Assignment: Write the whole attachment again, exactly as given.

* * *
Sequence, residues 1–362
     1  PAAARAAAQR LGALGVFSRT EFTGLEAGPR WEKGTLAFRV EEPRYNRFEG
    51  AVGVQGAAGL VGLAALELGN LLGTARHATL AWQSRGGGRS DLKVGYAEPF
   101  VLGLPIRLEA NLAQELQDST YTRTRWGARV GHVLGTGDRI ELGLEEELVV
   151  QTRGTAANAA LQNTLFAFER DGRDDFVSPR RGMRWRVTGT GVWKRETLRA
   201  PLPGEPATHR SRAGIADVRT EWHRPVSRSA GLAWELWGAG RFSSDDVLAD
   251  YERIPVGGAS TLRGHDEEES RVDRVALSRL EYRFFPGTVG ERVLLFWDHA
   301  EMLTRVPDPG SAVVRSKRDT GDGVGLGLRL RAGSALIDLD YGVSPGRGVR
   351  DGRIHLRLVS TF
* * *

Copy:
Sequence, residues 1–362
     1  PAAARAAAQR LGALGVFSRT EFTGLEAGPR WEKGTLAFRV EEPRYNRFEG
    51  AVGVQGAAGL VGLAALELGN LLGTARHATL AWQSRGGGRS DLKVGYAEPF
   101  VLGLPIRLEA NLAQELQDST YTRTRWGARV GHVLGTGDRI ELGLEEELVV
   151  QTRGTAANAA LQNTLFAFER DGRDDFVSPR RGMRWRVTGT GVWKRETLRA
   201  PLPGEPATHR SRAGIADVRT EWHRPVSRSA GLAWELWGAG RFSSDDVLAD
   251  YERIPVGGAS TLRGHDEEES RVDRVALSRL EYRFFPGTVG ERVLLFWDHA
   301  EMLTRVPDPG SAVVRSKRDT GDGVGLGLRL RAGSALIDLD YGVSPGRGVR
   351  DGRIHLRLVS TF